We have read epic stories of war heroes (Kamal Gunaratne et al) who fought the Ealam war and they are still a part of our living memory. We have also read stories of girls and boys (Kamalini et al) who fought on the other side of battlefield (wrongly) believing that they were making the ultimate [...]

Sunday Times 2

Hidden humanism: A moving story by a bystander


We have read epic stories of war heroes (Kamal Gunaratne et al) who fought the Ealam war and they are still a part of our living memory. We have also read stories of girls and boys (Kamalini et al) who fought on the other side of battlefield (wrongly) believing that they were making the ultimate sacrifice for a course that would bring freedom and dignity to their people. But this booklet of 87 pages by Nayeni Fernando is a different story of the same tragedy that we witnessed for three decades as it ruined the country and also the humanity of our people.

Nayeni Fernando, a retired IT expert of the Central Bank of Sri Lanka (CBSL), wanted to tell her life journey from a humble beginning as a computer programmer at the Department of Census and Statistics to the CBSL’s Information Technology Department chief.  Aptly, she has subtitled her book as a Twenty Year Journey with the Central Bank of Sri Lanka.  But her story is appealing to us not only because she as a woman waded through the unfathomed waters of information technology but also because of the way she narrates the story behind the tragedy of the Central bank bomb blast in January 1996.

In the first few chapters, she outlines how she, as a physical science graduate from the Colombo University, entered the nascent world of computing which was relatively new and a foreign field to most of Sri Lankan of her age and academic training. In a simple and easy-to-understand style, she describes the manner in which the Central Bank took the initiative to implement the function of a clearing house for interbank transactions, which in itself an achievement, given the limited resources and personnel at the time. When the idea of an automated cheque clearing house for interbank transactions was first mooted, the Bank’s top decision makers were hesitant to handle such a big job and instead wanted to engage the private sector. But Nayeni with her colleagues proved that with dedication and hard work they could meet the challenge despite the limited resources at their disposal.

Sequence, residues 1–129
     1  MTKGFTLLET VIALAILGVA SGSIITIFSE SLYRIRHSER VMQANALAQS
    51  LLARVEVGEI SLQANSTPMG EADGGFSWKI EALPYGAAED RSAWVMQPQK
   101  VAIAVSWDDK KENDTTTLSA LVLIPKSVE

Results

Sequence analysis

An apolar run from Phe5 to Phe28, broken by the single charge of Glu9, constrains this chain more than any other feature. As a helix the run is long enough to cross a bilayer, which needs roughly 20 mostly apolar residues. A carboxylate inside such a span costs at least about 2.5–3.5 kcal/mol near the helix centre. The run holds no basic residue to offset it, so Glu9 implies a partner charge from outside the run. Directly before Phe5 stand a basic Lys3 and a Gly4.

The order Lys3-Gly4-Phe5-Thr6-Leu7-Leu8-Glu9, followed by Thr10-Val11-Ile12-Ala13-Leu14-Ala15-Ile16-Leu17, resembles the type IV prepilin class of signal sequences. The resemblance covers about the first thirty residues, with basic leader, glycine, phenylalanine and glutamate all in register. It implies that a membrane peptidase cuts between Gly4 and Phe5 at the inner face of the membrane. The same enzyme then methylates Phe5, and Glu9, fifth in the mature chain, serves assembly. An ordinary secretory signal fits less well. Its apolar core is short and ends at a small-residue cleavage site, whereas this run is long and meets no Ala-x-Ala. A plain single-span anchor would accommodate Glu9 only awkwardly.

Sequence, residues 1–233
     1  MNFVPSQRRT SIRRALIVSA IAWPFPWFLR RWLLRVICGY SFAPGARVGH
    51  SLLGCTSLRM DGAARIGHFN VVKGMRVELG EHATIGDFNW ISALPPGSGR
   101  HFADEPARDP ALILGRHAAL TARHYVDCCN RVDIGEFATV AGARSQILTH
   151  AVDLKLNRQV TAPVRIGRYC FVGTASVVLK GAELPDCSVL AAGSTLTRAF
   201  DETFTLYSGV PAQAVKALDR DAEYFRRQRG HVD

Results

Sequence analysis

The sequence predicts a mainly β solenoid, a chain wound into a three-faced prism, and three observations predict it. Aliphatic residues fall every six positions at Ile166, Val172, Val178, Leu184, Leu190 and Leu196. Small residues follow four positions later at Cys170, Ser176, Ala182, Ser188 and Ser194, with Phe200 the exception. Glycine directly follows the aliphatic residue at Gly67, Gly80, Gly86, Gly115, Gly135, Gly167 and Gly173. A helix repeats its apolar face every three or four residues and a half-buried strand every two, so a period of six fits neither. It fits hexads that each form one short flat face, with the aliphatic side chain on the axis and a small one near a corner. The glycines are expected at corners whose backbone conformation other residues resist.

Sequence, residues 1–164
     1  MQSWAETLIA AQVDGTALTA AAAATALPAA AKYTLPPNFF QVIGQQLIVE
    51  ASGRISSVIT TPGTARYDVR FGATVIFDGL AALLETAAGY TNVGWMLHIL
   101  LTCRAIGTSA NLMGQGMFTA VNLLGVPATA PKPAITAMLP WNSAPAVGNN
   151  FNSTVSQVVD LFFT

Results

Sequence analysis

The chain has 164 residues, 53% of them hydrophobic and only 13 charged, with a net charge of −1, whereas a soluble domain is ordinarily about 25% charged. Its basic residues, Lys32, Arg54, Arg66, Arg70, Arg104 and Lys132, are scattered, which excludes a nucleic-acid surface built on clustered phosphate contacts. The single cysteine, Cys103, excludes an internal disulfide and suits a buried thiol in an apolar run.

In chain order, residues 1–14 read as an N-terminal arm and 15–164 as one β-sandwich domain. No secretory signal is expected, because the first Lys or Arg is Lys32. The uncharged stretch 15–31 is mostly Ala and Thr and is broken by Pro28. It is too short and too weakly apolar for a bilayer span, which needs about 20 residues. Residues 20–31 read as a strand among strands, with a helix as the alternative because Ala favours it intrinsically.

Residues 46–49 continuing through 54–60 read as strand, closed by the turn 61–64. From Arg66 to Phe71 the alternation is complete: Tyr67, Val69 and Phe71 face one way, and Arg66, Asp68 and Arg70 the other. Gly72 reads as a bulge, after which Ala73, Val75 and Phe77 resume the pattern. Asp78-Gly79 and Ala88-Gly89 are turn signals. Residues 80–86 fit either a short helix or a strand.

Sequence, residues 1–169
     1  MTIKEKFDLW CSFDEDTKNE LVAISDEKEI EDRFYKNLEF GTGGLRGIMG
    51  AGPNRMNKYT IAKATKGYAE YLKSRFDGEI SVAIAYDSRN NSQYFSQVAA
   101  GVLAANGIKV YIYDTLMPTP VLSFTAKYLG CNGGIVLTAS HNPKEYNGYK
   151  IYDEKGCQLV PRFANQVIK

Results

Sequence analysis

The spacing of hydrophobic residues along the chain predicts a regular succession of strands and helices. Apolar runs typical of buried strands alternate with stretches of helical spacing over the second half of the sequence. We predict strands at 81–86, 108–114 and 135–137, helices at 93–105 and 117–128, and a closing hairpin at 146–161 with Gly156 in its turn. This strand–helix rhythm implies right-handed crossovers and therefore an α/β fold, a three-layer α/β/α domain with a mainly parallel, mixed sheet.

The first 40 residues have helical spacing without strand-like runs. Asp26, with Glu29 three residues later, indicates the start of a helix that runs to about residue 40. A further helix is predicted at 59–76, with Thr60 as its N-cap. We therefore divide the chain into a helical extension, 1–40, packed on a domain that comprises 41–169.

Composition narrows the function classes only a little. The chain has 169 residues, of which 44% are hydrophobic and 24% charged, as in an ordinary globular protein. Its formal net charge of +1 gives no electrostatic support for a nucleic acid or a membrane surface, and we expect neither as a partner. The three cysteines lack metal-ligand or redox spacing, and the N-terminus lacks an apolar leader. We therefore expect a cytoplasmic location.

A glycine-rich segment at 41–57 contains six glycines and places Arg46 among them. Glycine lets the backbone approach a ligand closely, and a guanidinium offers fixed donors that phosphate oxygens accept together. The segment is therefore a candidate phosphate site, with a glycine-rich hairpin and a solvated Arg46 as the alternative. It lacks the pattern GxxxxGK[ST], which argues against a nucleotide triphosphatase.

The most interesting and illuminating part of her story is Chapter II — The Bomb Blast and Human Tragedy — where she tells us how the tragedy struck them. Though she and two of her colleagues were physically unharmed, they were thoroughly devastated. On hearing some gun shots they went outside through the fire escape to see what was happening on the street below. In a second, with a deafening blast, two columns of dust and smoke rose.  She managed to somehow get to the Chaitya Road and was escorted by a friend to a nearby office.

‘’ …….. and when I got there, they gave me a glass of water and many of my colleagues  came round me and that was when I broke down and cried’’. Though she saw the injured and badly mauled people creeping out of the inferno, she had the courage to withstand all this in the belief that not only colleagues near and dear to her but also others were saved. But then she realized she could no longer withstand her emotions suppressed within her. She had to cry aloud to get relief from the throbbing feelings for the victims and the devastation that had happened.

She had no way of reaching her husband or children to inform them that she was not harmed; her mobile phone and money were in the burning building. The friend who took her to safety fetched a three wheeler and gave money to the driver to take her home. But the driver refused to take money and took the responsibility to drop her at her home, displaying a deep understanding of the scale of the tragedy. ‘’When I got home more than three hours after the explosion, I saw my two daughters standing at the door. Suhadini, the younger one, still in her school uniform. They both hugged me, expressing relief ….. No one, including me, was dry eyed. Even the three wheeler driver who had known me just for one hour was wiping his tears.’’